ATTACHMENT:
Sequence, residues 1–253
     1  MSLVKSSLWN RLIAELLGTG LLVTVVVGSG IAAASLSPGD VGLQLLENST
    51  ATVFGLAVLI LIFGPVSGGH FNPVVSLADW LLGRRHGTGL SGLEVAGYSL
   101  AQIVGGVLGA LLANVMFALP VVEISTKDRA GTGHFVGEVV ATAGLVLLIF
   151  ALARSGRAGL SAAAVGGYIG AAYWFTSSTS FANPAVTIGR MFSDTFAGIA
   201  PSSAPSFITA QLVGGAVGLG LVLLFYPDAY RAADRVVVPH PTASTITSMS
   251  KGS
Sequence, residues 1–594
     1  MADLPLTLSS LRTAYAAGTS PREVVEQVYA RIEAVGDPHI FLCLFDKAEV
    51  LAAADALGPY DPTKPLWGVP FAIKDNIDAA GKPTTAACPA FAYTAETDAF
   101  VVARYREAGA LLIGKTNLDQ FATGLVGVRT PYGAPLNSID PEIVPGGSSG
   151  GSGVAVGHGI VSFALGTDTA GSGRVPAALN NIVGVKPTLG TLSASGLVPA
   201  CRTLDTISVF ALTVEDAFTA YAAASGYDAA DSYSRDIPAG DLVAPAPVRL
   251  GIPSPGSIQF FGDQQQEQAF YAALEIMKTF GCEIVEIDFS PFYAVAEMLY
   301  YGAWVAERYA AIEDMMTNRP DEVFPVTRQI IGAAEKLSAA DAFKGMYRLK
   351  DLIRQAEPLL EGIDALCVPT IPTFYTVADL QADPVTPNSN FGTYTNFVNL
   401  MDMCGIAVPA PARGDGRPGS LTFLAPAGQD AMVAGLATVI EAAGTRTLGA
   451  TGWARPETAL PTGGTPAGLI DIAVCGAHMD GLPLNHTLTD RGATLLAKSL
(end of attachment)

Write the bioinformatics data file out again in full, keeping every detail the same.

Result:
Sequence, residues 1–253
     1  MSLVKSSLWN RLIAELLGTG LLVTVVVGSG IAAASLSPGD VGLQLLENST
    51  ATVFGLAVLI LIFGPVSGGH FNPVVSLADW LLGRRHGTGL SGLEVAGYSL
   101  AQIVGGVLGA LLANVMFALP VVEISTKDRA GTGHFVGEVV ATAGLVLLIF
   151  ALARSGRAGL SAAAVGGYIG AAYWFTSSTS FANPAVTIGR MFSDTFAGIA
   201  PSSAPSFITA QLVGGAVGLG LVLLFYPDAY RAADRVVVPH PTASTITSMS
   251  KGS
Sequence, residues 1–594
     1  MADLPLTLSS LRTAYAAGTS PREVVEQVYA RIEAVGDPHI FLCLFDKAEV
    51  LAAADALGPY DPTKPLWGVP FAIKDNIDAA GKPTTAACPA FAYTAETDAF
   101  VVARYREAGA LLIGKTNLDQ FATGLVGVRT PYGAPLNSID PEIVPGGSSG
   151  GSGVAVGHGI VSFALGTDTA GSGRVPAALN NIVGVKPTLG TLSASGLVPA
   201  CRTLDTISVF ALTVEDAFTA YAAASGYDAA DSYSRDIPAG DLVAPAPVRL
   251  GIPSPGSIQF FGDQQQEQAF YAALEIMKTF GCEIVEIDFS PFYAVAEMLY
   301  YGAWVAERYA AIEDMMTNRP DEVFPVTRQI IGAAEKLSAA DAFKGMYRLK
   351  DLIRQAEPLL EGIDALCVPT IPTFYTVADL QADPVTPNSN FGTYTNFVNL
   401  MDMCGIAVPA PARGDGRPGS LTFLAPAGQD AMVAGLATVI EAAGTRTLGA
   451  TGWARPETAL PTGGTPAGLI DIAVCGAHMD GLPLNHTLTD RGATLLAKSL